IT BEGINS WITH A
Burying beetles are sensitive to the
odors from decomposing bodies.
These stinky odors lure them to the
site of the deceased. If a male beetle
arrives first, he is so excited he calls
for a mate by doing a “headstand
waggle” and releasing a pheromone
to attract a female to his “treasure”
that needs to be buried.
The Headstand “Waggle!”
Fig. 2 “Headstand” or “sternzeln” position, from
Behavioral Ecology, 1992. Vol. 3(3), cover illustration.
v When his female partner arrives, the pair face the monumental task of
MOVING this “treasure,” their future “nursery”…to a secret
subterranean location! They begin by finding a suitable substrate,
somewhere the soil is loose and easier to dig through. Crawling over and
under the body that may weigh up to 300 times more than they do, they
pull and push to move the “dead weight” to this softer ground. Together,
they work very fast, concealing belowground in as few as eight hours or
less what will become a bassinet for their soon-to-be family additions!
Once buried, this “grave” for the
newly departed becomes an
underground beetle “condo” for the
hard-working couple. Sometimes if
the carcass is large, there are other
beetle “couples” sharing in this
process and they form a sort of
beetle co-op where they all live
together for awhile.
Fig. 3 Burying a mouse.
Illustration from Scientific American. Inc. (1976)
NEXT COMES LOVE…AND
v Once they complete their new underground home and they don’t
have to worry about a hungry scavenger stealing their “cradle” away
from them, the beetle pair begin preparations for their new family
additions. Turning the buried animal carcass into a nest-like “brood”
ball for their future offspring, they work together again, as co-
parents, to prepare the carcass; removing feathers or fur, and adding
secretions to keep bacteria and fungi from growing in it.
v The female beetle creates a passageway in the underground chamber
just above the “brood” ball or nest. She will lay her eggs along the walls
of this tunnel and wait below with her mate for them to hatch. While
they wait, the male and female create a “pool” in the “brood” ball, filling
it with regurgitated fluid digested from the carcass. When the eggs hatch,
the larvae will move through the tunnel and into this liquid-filled cradle to
be tended by their devoted parents!
SING ME A LULLABY
Hatching is hard work and the beetle larvae
will need nourishment. Once in the brood
“pool,” their parents play them a
lullaby…not to put them to sleep, but to get
them to to eat dinner. The parents can
make “musical” sounds by
stridulating…sort of like having a built-in-
violin. Then the parent sips fluid from the
pool and transfers it to the mouths of the
larvae as they rise up towards the sound.
Fig. 4 “The Cradle” Feeding of Larvae.
Illustration from Scientific American, Inc. (1976)
v Although the beetles do most of the work, sometimes they have
tiny helpers that accompany them and even LIVE with them in their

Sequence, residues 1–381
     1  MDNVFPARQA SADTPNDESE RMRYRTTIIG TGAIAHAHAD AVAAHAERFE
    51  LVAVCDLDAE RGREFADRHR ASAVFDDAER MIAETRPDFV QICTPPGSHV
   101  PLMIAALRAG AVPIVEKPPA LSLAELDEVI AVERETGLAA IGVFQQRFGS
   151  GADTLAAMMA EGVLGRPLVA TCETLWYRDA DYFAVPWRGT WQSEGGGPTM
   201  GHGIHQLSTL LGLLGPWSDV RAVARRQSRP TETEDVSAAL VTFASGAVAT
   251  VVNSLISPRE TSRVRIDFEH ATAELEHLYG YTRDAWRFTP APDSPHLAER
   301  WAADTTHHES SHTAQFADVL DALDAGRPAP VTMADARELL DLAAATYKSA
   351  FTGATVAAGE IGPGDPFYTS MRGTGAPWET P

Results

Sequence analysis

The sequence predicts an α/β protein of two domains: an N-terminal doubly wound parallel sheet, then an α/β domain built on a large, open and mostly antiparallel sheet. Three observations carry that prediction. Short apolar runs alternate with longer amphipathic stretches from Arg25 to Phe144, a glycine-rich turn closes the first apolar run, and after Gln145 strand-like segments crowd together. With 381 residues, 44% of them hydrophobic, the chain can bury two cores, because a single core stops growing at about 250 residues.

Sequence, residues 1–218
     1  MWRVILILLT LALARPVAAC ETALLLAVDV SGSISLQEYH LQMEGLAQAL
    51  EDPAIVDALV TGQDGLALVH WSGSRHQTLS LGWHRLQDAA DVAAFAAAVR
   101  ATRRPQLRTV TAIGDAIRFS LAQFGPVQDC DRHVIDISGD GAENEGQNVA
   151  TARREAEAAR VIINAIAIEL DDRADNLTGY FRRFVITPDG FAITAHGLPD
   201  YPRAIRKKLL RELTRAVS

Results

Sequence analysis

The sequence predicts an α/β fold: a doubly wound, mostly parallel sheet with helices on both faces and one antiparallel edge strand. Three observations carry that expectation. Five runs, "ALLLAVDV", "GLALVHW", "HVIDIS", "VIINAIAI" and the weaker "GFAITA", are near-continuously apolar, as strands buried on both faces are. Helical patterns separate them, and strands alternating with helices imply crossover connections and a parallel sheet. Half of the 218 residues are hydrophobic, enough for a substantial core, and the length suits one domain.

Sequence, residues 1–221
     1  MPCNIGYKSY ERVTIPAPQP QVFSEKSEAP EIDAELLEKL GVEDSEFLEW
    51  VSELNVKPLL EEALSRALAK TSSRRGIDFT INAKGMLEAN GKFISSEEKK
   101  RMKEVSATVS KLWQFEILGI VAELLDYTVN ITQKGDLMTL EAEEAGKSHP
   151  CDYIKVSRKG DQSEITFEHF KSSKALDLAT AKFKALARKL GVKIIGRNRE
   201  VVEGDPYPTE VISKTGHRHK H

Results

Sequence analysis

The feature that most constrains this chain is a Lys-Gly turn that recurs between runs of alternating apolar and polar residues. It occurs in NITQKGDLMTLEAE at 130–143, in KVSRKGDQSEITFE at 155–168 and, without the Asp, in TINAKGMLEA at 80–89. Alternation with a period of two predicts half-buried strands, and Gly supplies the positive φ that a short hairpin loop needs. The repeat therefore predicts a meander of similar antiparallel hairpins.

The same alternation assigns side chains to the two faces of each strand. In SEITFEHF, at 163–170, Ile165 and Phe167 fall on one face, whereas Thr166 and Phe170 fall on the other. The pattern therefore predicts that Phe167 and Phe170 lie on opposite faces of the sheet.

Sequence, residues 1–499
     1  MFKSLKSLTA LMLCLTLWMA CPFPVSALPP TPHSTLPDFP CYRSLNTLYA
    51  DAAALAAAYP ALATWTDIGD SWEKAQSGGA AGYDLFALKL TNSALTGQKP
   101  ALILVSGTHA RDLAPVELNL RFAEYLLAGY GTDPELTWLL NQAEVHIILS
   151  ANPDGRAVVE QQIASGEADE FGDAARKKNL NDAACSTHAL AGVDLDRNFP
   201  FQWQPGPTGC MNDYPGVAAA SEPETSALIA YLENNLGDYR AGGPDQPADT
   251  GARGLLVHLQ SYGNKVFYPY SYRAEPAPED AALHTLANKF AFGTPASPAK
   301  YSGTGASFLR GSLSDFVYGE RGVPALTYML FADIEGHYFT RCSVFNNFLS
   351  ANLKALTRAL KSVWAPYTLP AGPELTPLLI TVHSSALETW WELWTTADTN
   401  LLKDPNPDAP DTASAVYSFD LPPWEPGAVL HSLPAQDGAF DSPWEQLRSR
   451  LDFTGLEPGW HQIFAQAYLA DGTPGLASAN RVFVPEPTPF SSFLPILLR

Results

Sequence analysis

new home. These tiny helpers are the phoretic mites. No…not
“fairy” mites! Phoresy means they hitch a ride. Yes! You heard right!
There are hitchhikers in this story…
v These tiny hitchhikers ride on the burying beetles’ bodies and help them because
sometimes a sneaky fly will lay eggs on the body of the dead animal the beetles find
before they can bury it. If the fly’s eggs hatch first, they will eat and destroy the body or
resource the beetle needs to use for its home, cradle, and food for its young. This is
v The mites help the beetle by eating those fly eggs before they hatch so they don’t ruin
all the beetles’ hard work. The beetles help the mites by giving them a ride to a free
dinner. This is called mutualistic symbiosis. They work together and each of them
Tiny Hitchhikers… the phoretic mites!
Figs. 5 and 6 Nicrophorus beetle with phoretic mites.
Photographs by Cynthia Brast. San Juan Island, WA (2010)
…AND FROM CRADLE TO GRAVE…
v …and the story ends how? Well, the larvae eat and grow and
crawl out of their “brood” ball cradle. They find a quiet place to
pupate in the nearby soil and eventually emerge as adults in about
twenty to sixty days, but sometimes longer, depending on the species
and environmental conditions. The adult beetles go off in search of a
stinky smell - the scent of their future home. If they’re lucky, they’ll
find a mate…and a grave to call their own!
LIFE CYCLE OF A BURYING
Fig. 7 Life cycle of a burying beetle
Illustration by Dakuhippo
v Burying beetles are important in ecosystems because they help recycle nutrients into
the soil. Plus they keep us from having to smell stinky odors from decaying animals!
Burying a carcass and using it for food and reproduction are the beetles’ way of
participating in the cycle of life.
v Conservation of beetle habitat is important. One species, the American Burying
Beetle, Nicrophorus americana is on the endangered species list. Reintroduction efforts are
underway to make sure populations of these burying beetles don’t become extinct.
Protecting these and other species of burying beetles is important because of their
fascinating bi-parental care of young. They are also useful in reducing competing fly
populations and in reducing risk of disease transmission to livestock and people.